The Australian Cyber Security Centre (ACSC) is responsible for monitoring and responding to cyber threats targeting Australian interests. Cyber threats can result in the denial of access to, the theft of, or the destruction of systems and data. In addition to the damage done to Australia’s economic wellbeing as a result of such cyber security incidents, they can undermine public confidence in organisations and consume significant resources to respond to.
The ACSC can help organisations respond to cyber security incidents. Reporting cyber security incidents ensures that the ACSC can provide timely assistance. This may be in the form of investigations, analysis and/or remediation advice.
Preparing to respond to cyber security incidents
Organisations should ask themselves the following questions to determine how prepared they are to respond to cyber security incidents:
- Have we identified systems and data critical to our business operations?
- Do we have business continuity and disaster recovery plans?
- Do we have an up‐to‐date and regularly tested incident response plan?
- Do our agreements with service providers include cyber security incident reporting and response activities?
- Do we have the ability to detect when cyber security incidents may have occurred?
- How easily and quickly can we access appropriate resources to respond to cyber security incidents?
- What are our legislative obligations in regards to reporting cyber security incidents?
- Do we have a public communications plan in case of cyber security incidents?
Reporting cyber security incidents
A cyber security incident is a single or series of unwanted or unexpected cyber security events that have a significant probability of compromising an organisation’s business operations. Cyber security incidents can impact the confidentiality, integrity or availability of a system and the data that it stores, processes or communicates.
The types of cyber security incidents that should be reported to the ACSC include:
- suspicious system and network activities
- compromise of sensitive or classified data
- unauthorised access or attempts to access a system
- emails with suspicious attachments or links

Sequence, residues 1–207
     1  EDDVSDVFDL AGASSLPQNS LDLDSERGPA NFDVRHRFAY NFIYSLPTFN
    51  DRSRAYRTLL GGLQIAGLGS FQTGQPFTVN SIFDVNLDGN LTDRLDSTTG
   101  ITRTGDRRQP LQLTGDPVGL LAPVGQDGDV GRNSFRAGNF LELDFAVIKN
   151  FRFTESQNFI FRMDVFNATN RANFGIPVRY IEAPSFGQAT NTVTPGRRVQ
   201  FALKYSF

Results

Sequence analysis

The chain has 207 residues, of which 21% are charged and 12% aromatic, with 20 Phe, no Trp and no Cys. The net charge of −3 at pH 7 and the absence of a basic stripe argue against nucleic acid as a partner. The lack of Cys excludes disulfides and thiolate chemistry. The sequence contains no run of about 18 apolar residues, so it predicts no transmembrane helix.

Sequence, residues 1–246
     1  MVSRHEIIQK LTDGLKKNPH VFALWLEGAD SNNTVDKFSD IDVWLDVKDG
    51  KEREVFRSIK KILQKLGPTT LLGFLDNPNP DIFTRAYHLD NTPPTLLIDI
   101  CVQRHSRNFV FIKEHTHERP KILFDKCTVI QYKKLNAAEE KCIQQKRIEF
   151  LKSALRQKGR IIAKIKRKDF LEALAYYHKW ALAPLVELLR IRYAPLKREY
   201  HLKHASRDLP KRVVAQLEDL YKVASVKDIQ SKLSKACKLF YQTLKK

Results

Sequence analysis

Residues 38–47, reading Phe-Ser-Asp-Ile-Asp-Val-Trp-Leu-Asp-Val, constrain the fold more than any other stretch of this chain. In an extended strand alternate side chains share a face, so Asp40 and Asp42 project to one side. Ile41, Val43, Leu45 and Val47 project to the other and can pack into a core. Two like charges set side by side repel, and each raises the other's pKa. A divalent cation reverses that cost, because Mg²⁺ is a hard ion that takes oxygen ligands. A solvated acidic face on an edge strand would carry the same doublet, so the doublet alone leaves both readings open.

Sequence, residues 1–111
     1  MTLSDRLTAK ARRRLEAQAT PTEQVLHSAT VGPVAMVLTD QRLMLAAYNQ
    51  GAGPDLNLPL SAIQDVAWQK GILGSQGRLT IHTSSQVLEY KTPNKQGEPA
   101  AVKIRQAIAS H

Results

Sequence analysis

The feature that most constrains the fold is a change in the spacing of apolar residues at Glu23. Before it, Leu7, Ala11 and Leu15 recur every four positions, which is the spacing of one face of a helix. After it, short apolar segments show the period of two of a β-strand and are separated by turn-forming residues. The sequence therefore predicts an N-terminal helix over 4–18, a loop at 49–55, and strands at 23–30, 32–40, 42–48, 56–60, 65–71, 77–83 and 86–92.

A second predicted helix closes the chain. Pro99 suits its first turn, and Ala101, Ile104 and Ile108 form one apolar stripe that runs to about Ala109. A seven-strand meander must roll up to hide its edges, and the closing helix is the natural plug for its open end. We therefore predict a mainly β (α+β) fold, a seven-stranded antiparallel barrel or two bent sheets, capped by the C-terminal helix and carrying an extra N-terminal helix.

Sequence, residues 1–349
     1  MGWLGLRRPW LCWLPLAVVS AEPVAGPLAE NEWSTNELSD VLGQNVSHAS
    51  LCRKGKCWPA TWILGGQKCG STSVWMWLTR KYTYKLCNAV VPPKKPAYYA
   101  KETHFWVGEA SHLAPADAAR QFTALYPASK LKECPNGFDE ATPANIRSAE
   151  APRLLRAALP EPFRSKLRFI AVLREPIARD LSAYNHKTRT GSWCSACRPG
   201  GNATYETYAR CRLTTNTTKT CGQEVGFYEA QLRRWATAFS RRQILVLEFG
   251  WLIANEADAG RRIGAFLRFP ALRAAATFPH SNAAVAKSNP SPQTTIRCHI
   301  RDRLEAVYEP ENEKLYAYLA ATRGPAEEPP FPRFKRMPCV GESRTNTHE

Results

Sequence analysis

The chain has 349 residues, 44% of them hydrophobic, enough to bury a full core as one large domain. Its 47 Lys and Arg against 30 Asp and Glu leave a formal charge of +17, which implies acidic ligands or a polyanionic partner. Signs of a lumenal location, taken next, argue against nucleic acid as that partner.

- denial-of-service attacks
- ransomware attacks
- suspected tampering of electronic devices.
The following are examples of suspicious system and network activities:
- domain administrator accounts being locked out due to failed authentication attempts
- unusual authentication events for remote access solutions, such as users being logged in from local workstations and a VPN simultaneously or a number of log-in attempts from geographically disparate or overseas locations within a short timeframe
- service accounts communicating with internet-based infrastructure.
Organisations should report cyber security incidents to the ACSC. Once a cyber security incident is reported to the ACSC, it is recorded and triaged. At this time the priority and extent of assistance that is necessary to respond to the cyber security incident is determined.
Communicating cyber security incidents to customers and clients
Cyber security incidents can attract public and media interest, particularly if they compromise customer or client data, or disrupt supply of goods and services. As such, organisations should prepare for communicating publicly about cyber security incidents, including incident response activities, and plan for how they will keep customers and clients, stakeholders, and the broader public informed.
Organisations should ask themselves the following questions to determine how prepared they are to communicate publicly about cyber security incidents:
- Who has responsibility for producing information about the cyber security incident?
- Who has responsibility for approving the release of information about the cyber security incident?
- Who has the responsibility for communicating information about the cyber security incident?
- Do we have clear and consistent communications channels to communicate information about the cyber security incident?
- Do we have ways for the media, customers and clients, stakeholders, and the broader public to make enquiries regarding the cyber security incident (e.g. via email, telephone hotlines or social media)?
The Australian Government Information Security Manual is a cyber security framework that organisations can apply to protect their systems and data from cyber threats. The advice in the Strategies to Mitigate Cyber Security Incidents, along with its Essential Eight, complements this framework.
If you have any questions regarding this guidance you can write to us or call us on 1300 CYBER1 (1300 292 371).